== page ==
The challenge for Central America, asserted Mario Arana, is to “grow more.” The growth achieved from structural reforms of the 1990s will likely sustain itself “in spite of changes in administrations” occurring throughout the region, he argued. However, although Central American countries have grown, they have been unable to solve the persistent problems of unequal distribution and poverty, which have contributed to political and social decomposition. Arana identified Central America’s relations with the United States as a “big part of the picture,” as trade and investment play a key role in the region’s growth. However, unlike the 1980s, U.S. policy has been one of “neglect,” in the region, despite the mutual benefits all actors could reap from Central American growth. Arana stressed the need for investment in infrastructure in the region, including roads, railroads, and ports, asserting that, overall, “the region needs more money” to make things work. Central Americans want to see governments working for them, which can result in “strong men” governing, such as President Ortega in Nicaragua. Although Arana acknowledged the efficacy of such strong leaders, he identified this trend as the region’s “desgracia,” calling it unsustainable and compromising democracy. Building institutions remains the greatest challenge.

Casas-Zamora also stressed the importance of strong institutions, and identified Central America’s central political challenge as “the weakness of the Central American states and weakness of political power.” These shortcomings manifest themselves through states’ “fiscal feebleness” and the “lack of bureaucratic capabilities” that compound this absence of financial resources. Although collecting taxes provides the financial means to strengthen the state, should a state that does not have the ability to spend money wisely tax more? Casas-Zamora questioned. Despite misgivings, however, tackling the tax issue is the first step to addressing state weakness, he argued. Casas-Zamora also acknowledged the region’s recent economic growth, but cautioned that continuing to sign free trade agreements cannot guarantee it will continue when “structural weaknesses of economics are very deep.” Such structural factors, including low quality education, poor infrastructure, little investment in research and development, and a large informal sector, limit productivity, Casas-Zamora argued.

Although the region has recently reduced crime levels, the Central American states’ structural weaknesses continue to facilitative criminal activity in the region, Casas-Zamora argued. He described law enforcement institutions as “in shambles” and the 25% of young adults neither studying nor working a “security time bomb.” There are limits to external assistance addressing the region’s security issues; Central Americans themselves address the structural factors that allow crime to thrive. Just as the region itself found a solution to armed conflicts 25 years ago, so must it take it upon itself to create safe and prosperous societies, Casas-Zamora argued.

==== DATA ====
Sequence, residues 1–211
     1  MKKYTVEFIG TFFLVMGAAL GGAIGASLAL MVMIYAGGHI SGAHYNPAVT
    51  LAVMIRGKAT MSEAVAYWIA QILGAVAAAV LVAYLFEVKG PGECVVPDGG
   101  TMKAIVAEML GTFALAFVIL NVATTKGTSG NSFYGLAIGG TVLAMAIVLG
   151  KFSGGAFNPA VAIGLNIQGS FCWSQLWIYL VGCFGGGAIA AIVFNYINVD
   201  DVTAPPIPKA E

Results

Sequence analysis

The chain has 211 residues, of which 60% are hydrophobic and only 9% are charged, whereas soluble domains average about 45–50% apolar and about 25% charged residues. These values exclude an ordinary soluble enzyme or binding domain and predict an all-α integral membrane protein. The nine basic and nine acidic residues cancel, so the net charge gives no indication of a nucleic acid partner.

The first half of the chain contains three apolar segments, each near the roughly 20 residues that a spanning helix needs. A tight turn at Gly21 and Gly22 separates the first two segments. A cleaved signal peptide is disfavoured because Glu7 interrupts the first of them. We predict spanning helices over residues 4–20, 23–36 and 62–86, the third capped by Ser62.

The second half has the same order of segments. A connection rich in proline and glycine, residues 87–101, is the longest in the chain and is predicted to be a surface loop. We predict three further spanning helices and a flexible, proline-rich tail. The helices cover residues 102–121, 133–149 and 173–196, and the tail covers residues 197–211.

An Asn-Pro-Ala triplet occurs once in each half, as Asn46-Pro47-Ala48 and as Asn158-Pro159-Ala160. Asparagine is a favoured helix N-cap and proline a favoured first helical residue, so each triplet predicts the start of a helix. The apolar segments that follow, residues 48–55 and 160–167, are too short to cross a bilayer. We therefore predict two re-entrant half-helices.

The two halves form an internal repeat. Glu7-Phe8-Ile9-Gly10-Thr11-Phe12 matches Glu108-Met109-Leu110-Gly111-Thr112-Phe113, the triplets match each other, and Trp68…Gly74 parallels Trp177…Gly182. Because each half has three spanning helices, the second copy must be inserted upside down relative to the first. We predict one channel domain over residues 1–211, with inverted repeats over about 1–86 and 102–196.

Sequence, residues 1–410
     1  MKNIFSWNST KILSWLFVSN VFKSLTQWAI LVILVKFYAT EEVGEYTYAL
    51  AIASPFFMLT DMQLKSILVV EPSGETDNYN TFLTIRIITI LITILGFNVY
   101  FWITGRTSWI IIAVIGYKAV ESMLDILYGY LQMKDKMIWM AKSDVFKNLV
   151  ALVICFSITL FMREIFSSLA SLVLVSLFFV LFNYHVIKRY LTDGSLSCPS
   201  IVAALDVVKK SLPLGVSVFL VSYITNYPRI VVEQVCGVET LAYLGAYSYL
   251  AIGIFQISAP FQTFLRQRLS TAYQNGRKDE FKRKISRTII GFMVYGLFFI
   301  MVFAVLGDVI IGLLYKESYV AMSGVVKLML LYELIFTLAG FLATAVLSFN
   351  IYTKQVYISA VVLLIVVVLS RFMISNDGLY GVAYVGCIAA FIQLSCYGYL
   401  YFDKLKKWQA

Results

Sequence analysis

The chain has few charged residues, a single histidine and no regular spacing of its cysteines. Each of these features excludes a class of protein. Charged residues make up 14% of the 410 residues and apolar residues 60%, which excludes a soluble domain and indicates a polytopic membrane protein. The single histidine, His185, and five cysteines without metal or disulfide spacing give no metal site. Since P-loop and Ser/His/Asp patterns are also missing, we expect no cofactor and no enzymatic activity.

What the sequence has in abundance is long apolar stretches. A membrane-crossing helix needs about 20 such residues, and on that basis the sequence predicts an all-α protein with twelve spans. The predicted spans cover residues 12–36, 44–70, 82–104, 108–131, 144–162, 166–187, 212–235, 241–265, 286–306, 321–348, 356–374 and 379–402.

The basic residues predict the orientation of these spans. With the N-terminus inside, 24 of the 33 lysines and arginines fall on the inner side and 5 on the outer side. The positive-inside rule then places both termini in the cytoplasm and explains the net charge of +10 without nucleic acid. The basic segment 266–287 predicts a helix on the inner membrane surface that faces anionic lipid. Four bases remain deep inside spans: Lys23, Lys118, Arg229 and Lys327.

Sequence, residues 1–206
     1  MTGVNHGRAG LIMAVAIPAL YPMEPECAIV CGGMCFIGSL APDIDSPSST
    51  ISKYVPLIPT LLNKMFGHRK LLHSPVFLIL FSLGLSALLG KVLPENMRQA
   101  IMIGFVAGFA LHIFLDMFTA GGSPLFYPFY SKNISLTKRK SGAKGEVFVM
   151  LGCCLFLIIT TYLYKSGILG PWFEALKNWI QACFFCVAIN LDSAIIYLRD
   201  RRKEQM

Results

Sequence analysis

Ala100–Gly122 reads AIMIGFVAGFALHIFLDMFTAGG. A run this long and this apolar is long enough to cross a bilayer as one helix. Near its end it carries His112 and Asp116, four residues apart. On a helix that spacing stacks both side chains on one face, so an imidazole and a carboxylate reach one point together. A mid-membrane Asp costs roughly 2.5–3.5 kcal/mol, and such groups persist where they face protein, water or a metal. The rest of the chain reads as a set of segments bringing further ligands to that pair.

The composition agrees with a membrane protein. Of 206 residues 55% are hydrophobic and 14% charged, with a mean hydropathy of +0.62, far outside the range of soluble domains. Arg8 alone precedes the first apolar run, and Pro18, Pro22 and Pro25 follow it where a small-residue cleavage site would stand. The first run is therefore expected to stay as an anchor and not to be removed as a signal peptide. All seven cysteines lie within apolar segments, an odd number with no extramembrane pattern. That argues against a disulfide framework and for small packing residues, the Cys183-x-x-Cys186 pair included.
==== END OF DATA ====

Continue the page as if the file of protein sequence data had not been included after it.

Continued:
While a “bleak flavor” characterizes recent discussion of Central America, “we should never forget where we came from,” asserted Casas-Zamora. Thirty years after civil wars and narcodictatorships subsumed the region, the glass is “half-full, in spite of everything,” he contended.

Migration, Deportation, and U.S. Immigration Policy

Manuel Orozco, director of the Dialogue’s Migration, Remittances, and Development program, moderated the second session. Panelists included Rubén Zamora, ambassador of El Salvador to the United States; Rafael Fernández de Castro, director of the department of international studies at the Autonomous Technological Institute of Mexico (ITAM), and Doris Meissner, director of the US immigration policy program at the Migration Policy Institute.

Orozco opened the session noting the increased interest in human mobility as the global economy increasingly demands foreign labor in both high and low skill jobs. The economic and political performance of Mexico and Central America continues to prompt people to migrate, searching for a better political situation and decent salary. In addition, states’ migration policies impact migration flows, such as Costa Rica’s immigration law to regularize its undocumented labor force, and the United States’ ongoing immigration debate that now spans decades.

According to Meissner, the deportation issue remains “acutely important,” and “will be even more important in terms of the region and dialogue within the region” in years to come. Since September 11, 2001, the United States has deported close to 4 million people. Although 2 million deportations have occurred during the Obama administration, the infrastructure and political support for vigorous enforcement dates back to the 1990s and has received bi-partisan backing. An emphasis on removing criminals from the United States has garnered public support, but again points to the need for reform when the criminal offense of deportees is immigration-related.